“My Dance with Beads” with River Rose
Being asked to do this presentation to BSNC on March 21, 2017, took River down the road through all she has personally accomplished and artistically how she got to where she is now. Her travelogue was amazingly frank, along with a slide presentation of her work from earliest days to the most current.
She discovered seed beads in 1992 when she found a pair of beaded earrings and wanted to make a necklace to match them. River had always loved small detail work, but when she found beads… something magical happened. She purchased a little booklet at her local bead store, but struggled with the written direction. While trying to learn brick stitch, she kept at it until she woke in the middle of the night, finally understanding and with a “visual”of the thread path. When she purchased her first Bead and Button Magazine, featuring Carol Wilcox-Wells’ beaded amulet bags, it was a turning point as River now saw what she wanted to aspire to with beading. But again she struggled with the written direction this time asking someone to “show” her basic peyote stitch. Her early attempts with designing both with brick stitch and peyote stitch were limited because she liked decreasing but did not like the way increasing looked. But she dealt with this limitation in very inventive ways with her early designs ~ she simply flipped the pieces upside down.
Five years into the beading journey, the whirlwind started; Bead and Button Magazine published her Reversible Amulet Purse, calling it, “Two Faces of Peyote”. By this time, she had learned multiple stitches and was using brick stitch, peyote stitch, netting, branching, sculptural peyote stitch, right angle weave, (which never became a favorite), embroidery with cabochons, and a stitch she named “flowering”. She was also teaching her own designs in bead stores throughout the SF Bay Area, Central, and So. Calif. Talk about “You’ve come a long way baby!”
The excitement continued: in ’98 and ’99, River self-published a newsletter called “The River Flows”. In ’99, Bead Work Magazine published “My Little Coin Purse”. In 2000, Bead and Button Magazine published “Memories of My Mother’s Sachet”. She had gone into her mother’s private drawer and found a very feminine little colorful, round sachet – totally out of character, or so she thought. Also in 2000 the “Wildflower Purse” was published (which is where she took off with her “flowering” stitch). In 2000, her beaded headdress (also a major study in “flowering”) was accepted into Bead International 2000 and it toured the country for 6 months. In 2004, her Herringbone Purse was published in 500 exploded. With herringbone stitch, she felt that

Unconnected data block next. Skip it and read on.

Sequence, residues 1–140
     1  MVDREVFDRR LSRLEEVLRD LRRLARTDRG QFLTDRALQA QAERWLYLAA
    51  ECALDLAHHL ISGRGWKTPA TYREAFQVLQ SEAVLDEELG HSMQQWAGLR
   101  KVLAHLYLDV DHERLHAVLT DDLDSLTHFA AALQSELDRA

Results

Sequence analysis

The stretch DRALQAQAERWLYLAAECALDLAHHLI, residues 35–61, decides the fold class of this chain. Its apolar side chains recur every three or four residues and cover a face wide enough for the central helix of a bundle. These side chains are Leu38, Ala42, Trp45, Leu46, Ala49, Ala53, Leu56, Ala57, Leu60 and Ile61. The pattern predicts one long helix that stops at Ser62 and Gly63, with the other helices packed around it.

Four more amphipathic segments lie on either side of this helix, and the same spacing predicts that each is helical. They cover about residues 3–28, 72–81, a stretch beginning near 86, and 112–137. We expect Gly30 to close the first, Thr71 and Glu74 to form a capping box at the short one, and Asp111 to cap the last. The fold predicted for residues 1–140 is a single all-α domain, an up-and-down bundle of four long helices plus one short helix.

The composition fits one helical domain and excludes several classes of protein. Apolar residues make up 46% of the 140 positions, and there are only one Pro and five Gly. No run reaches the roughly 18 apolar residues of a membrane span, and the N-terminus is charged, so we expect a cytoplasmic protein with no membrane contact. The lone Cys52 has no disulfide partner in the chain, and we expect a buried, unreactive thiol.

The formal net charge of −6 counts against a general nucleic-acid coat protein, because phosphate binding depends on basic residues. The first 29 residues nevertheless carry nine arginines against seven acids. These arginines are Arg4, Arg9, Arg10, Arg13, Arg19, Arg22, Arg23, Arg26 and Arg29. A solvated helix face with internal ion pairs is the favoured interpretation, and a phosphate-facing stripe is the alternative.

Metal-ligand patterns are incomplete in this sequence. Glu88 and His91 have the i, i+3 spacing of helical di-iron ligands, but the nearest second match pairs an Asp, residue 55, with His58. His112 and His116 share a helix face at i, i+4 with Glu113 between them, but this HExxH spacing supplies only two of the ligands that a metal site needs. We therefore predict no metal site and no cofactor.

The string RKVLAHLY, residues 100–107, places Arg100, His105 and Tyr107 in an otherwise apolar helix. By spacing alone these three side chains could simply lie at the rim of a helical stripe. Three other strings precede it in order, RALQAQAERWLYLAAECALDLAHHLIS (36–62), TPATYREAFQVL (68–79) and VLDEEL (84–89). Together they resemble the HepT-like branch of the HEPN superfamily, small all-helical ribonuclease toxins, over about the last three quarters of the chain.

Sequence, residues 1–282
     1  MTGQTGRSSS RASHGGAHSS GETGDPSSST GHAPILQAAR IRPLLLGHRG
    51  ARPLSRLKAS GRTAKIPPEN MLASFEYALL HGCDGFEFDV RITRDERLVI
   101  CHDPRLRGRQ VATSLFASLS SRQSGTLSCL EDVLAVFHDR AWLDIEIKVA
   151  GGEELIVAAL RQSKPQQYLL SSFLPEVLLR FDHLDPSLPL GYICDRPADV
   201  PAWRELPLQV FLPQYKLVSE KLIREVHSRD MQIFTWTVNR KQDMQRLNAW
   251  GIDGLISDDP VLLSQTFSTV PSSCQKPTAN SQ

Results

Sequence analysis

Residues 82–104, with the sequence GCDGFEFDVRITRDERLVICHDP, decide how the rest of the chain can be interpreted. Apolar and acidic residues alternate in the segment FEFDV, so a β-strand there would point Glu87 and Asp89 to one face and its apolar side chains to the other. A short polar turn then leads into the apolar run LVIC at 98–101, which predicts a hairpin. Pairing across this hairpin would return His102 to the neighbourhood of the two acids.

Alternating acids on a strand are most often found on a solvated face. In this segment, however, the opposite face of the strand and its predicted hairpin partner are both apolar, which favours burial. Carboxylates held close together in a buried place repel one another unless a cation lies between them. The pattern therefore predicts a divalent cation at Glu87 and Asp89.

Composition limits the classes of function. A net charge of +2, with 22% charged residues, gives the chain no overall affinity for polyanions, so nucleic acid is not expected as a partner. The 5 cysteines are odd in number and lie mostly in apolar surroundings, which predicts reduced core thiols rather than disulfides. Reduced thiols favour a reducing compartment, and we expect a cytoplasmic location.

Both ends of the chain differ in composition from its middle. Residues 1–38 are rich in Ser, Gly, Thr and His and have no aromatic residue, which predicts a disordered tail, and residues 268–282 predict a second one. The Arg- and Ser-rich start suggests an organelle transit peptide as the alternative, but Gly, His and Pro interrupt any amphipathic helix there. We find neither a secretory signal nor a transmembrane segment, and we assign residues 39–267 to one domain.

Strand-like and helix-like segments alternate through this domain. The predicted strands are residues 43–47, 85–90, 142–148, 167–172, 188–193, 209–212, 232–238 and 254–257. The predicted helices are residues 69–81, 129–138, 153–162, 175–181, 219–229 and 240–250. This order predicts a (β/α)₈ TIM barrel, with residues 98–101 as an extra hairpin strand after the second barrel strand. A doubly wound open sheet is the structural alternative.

increasing was as workable as decreasing, and the many possibilities opened up! The “sculpting” that is possible with this stitch lead to the many vessels and purses she has made and become famous for.
Then, between 2001 and 2006, she got divorced, moved to Washington, still continued to travel and teach, sold 4 designs to Toho, changed her name and life style, and taught in Wisconsin at the Bead Embellishment Fair twice. Whew !!
While living in Washington, she began to feel she wanted things to slow down. From 2006 through 2013, she decided to “drop out” of the traveling and teaching and competing to pursue a quieter lifestyle. She learned to meditate, designed, built and tended gardens around her home in Washington, walked daily through the lush woods of Washington and Oregon gaining insight into the nature that so influences her beadwork today. She pursued new forms of art, but she never gave up the creative life, never gave up beading. In 2013, she returned to California, and has been slowly reconnecting to old and new friends through beading… those friends prompted her to get back to publicly teaching.
Because her son now lives in Hawaii and she visits often, a phase of her work has been inspired by the island beauty of flowers, tidal pools, grasses and the floral leis. This visiting the island so often inspired her to create a beaded lei so her son didn’t have to keep buying them.
Now River has become famous for her herringbone vases and vessels. During the many years of working with herringbone stitch, she had to develop more than the original technique she learned. This was accomplished through trial and error, as graphing no longer worked. Finally, while pulling out some rows she saw it! While it was upside down in her hands, she saw a new way to increase and decrease, allowing for her design motifs to remain centered.
River Rose lives in Antioch and will soon start teaching in her home. The classes will be open and on-going ~ come when you want to bead, to play, to discover something new….. Most of her current work is with herringbone stitch, but there is oh so much more to discover with beading!
Contact her at: firstname.lastname@example.org or friend her on Face Book.
by marilyn peters